When it comes to having athletes train outside the gym, I’ve found that most coaches generally end up in either one of two groups: the conservative or the care-free.
The conservative group believes there should be no outside tumbling whatsoever. In their mind, if someone wants to attempt any sort of flipping, it must be done in a well equipped facility under the watchful eye of a coach.
The care-free group on the other hand, isn’t really fussed about it — as long as their kids achieve the required skills and don’t kill themselves in the process, all is well.
I most definitely belonged to group #1.
And to some respects, I still do… because the last thing I need is for little Suzy to start throwing back handsprings on the playground when she just learned it two days ago.
Or for crazy Cody to huck fulls on his backyard trampoline when he can barely do a layout to save his life.
But when you’re mostly working with competitive cheerleaders that spend well under 5 hours per week on tumbling, yet are expected to have the same skills which take gymnasts and power tumblers 10-15 hours per week to get, something’s gotta give.
Actually it’s more like, something’s gotta be added. And what exactly are we adding?
The bottom line is that if an athlete wants to learn a skill such as a layout full, but they’re only training one hour a week, it’s going to take multiple years to achieve mastery. And that’s if every training session goes perfectly… which we know never happens.
So to close this time gap in a way that is safe, effective and actually makes sense, I realized that giving out some tumbling “homework” was essential.
Over the years I’ve played around with lots of options as to what I should prescribe as homework. Some of it worked, and some of it didn’t. For example, when I gave tasks that were too technical or complicated, it would undo all the technique work we did in class.
But if I played it too safe and all I gave was conditioning, then it would bore them to death, and it wouldn’t get done.
Eventually, I found the right balance and settled on 4 categories of tumbling homework which yielded the best results:
- Body Shapes
- Fundamental Movements
- Perfecting Prerequisites **
Disclaimer: The advice you’re about to read is for entertainment purposes only. I take no responsibility if you or your athlete practice tumbling at home and get hurt. You should always consult your local qualified coach or training professional before attempting to applying any training advice you read on the internet.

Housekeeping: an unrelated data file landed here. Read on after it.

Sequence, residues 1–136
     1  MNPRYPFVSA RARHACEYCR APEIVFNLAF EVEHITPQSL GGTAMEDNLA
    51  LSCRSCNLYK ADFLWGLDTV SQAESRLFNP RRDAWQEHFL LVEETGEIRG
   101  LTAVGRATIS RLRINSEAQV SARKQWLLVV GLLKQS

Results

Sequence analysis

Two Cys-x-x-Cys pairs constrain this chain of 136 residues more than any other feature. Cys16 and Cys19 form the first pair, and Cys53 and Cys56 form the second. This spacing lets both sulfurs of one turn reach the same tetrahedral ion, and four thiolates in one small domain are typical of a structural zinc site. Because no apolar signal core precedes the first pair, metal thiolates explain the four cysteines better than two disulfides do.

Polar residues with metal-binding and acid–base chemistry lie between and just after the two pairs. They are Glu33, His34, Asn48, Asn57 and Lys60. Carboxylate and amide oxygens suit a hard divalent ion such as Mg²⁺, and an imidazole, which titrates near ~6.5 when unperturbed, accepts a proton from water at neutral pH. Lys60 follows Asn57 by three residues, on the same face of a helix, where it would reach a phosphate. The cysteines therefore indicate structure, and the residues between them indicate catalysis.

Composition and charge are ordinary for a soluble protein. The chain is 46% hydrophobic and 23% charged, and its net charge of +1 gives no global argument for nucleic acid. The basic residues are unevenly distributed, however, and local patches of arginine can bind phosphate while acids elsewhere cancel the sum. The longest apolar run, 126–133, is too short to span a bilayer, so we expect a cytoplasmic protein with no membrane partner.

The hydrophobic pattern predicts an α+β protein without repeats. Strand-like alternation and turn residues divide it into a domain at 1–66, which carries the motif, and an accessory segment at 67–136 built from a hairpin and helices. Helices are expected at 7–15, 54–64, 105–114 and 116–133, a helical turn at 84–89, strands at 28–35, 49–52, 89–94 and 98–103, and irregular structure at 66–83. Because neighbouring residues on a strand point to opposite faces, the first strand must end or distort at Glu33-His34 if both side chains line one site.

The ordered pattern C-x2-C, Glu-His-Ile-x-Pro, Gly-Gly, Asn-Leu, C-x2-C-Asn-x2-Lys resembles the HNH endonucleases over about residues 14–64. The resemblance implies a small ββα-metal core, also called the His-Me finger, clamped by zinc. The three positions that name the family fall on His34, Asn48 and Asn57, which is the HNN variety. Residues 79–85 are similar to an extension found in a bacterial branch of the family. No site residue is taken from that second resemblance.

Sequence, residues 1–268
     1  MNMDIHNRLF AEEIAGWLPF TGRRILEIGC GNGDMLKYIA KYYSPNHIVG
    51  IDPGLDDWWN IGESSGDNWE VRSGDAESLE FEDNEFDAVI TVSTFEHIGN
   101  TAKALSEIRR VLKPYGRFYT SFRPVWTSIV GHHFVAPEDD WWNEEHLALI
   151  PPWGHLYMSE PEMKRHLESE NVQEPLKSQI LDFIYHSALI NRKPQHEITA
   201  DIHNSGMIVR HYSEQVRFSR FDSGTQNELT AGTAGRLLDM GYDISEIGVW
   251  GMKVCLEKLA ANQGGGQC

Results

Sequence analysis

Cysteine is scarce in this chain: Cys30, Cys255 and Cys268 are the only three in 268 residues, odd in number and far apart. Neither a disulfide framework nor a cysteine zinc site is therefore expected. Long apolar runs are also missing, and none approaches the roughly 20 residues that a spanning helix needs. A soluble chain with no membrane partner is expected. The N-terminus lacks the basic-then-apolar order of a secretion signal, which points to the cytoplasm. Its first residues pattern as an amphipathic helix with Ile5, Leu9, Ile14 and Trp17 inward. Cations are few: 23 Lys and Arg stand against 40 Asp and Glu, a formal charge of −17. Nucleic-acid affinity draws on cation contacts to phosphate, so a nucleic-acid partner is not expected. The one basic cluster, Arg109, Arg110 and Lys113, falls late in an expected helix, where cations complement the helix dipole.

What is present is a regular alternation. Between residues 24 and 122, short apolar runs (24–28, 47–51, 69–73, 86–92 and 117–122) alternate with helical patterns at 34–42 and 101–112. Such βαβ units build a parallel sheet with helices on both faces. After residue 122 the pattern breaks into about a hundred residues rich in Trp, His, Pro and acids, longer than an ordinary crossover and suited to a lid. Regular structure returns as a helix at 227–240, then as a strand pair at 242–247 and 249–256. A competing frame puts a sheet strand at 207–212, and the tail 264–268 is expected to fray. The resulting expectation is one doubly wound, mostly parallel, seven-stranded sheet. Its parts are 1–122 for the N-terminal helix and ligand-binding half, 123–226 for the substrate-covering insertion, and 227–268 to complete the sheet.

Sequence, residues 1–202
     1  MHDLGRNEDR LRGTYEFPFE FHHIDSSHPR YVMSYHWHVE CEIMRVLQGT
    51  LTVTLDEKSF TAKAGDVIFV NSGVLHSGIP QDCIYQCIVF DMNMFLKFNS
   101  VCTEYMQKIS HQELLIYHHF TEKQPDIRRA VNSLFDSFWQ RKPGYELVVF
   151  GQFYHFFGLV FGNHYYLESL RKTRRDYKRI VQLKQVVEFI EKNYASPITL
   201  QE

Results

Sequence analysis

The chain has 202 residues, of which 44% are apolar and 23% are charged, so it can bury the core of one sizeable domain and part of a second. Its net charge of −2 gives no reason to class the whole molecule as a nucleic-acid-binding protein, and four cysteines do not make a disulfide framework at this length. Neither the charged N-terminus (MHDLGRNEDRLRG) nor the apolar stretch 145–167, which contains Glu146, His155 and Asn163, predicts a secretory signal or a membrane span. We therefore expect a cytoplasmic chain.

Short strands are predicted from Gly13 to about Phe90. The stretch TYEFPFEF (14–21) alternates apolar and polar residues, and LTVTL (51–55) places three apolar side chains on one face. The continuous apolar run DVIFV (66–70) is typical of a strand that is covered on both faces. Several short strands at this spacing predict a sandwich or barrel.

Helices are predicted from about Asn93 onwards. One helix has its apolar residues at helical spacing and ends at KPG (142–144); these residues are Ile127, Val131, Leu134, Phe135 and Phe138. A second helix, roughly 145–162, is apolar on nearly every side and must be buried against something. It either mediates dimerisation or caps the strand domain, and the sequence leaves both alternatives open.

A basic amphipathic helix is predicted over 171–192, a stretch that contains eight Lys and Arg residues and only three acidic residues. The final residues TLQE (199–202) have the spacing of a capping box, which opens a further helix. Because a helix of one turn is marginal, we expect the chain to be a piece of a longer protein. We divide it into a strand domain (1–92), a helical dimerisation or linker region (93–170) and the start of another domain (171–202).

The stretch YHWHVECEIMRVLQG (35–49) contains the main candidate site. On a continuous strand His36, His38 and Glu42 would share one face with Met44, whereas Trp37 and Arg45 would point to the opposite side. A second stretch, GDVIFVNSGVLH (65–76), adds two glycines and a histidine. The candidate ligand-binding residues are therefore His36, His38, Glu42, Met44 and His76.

Category #1: Tumbling Shapes
There are 12 tumbling shapes that essentially make up all the skills and drills in tumbling. So it goes without saying that when the quality of a body shape increases, so will the quality of the skill associated with it.
For example: if an athlete can’t hold a perfect bridge statically (without moving), how can we expect them to have perfect shoulder flexion during the back handspring, or a back walkover? Quality bridges (along with other shapes) produce quality handsprings. So many coaches know this but don’t implement it enough.
And while it’s very beneficial for your athletes to know all 12 shapes, be sure to ask them to work only the ones necessary at home.
So if a back handspring was the skill you wanted to give homework on, you would ask them to work the following shapes:
- Front Support
See how that works? This cuts the homework time by a huge degree which means they’re more likely to actually practice them. And with technology at our disposal, we can even turn this into a game.
Ask your athletes to upload their perfect shapes to Instagram in practice gear, and turn it into a contest.
Not only does this create free marketing exposure, but you can then pick a winner for prizes such as stickers or even just bragging rights.
Don’t have Instagram? Fine, use Snapchat. Ask everyone to send you a Snap of their bridge. The next day (or next week) at practice you announce the winner.
Shapes may be boring to do on their own, but there’s no reason we can’t make it fun!
Category #2: Fundamental Movements
Just as how body shapes are essential to quality skill development, so are fundamental movements. If you think of shapes as the “atoms” that make up a tumbling skill, then fundamental movements would be the molecules. (In case you don’t know what a molecule is, it’s a particle that is made up of 2 or more atoms held together.)
The Needle Kick would definitely qualify as a fundamental movement. In this animation you’re seeing one of my level 1 athletes demonstrate it, but know that my advanced athletes don’t get a free pass! Like handstands, everyone is required to practice them.
Another classic example is the Handstand Snapdown. There is no athlete I’ve met, whether beginner or advanced, that can’t benefit from doing MORE snapdowns. Not one. It’s a vital hip extension/flexion movement that is needed most of the time.
In power tumbling, I remember we had to did entire passes coming out of HS snapdowns on both the Tumble Trak and rod floor.
So when when I get emails or DM’s from coaches about a back handspring connection they can’t seem to fix, and I suggest they work on mastering the snapdown, I find it laughable when the response I get is: “I tried those with her, but it doesn’t work”
Let me make this clear: saying that a HS Snapdown doesn’t work is like saying a push-up doesn’t work. It’s an absurd statement. A more accurate statement would be that you don’t know how to work the snapdown for that athlete.
Just as a push-up can be rendered completely useless by barely bending at the elbows, not achieving full range of motion, and having an arch in the back, so can the snapdown by being loose, slow and sloppy.
It’s not just the movement, it’s the quality of it.
The best part about fundamental movements, is that once they’ve been taught to an athlete, they’re relatively safe.
Consider another fundamental movement: The Handstand Shoulder Pop. If an athlete were to practice these at home, how many of you would lose sleep and worry about them getting injured? Most of you wouldn’t.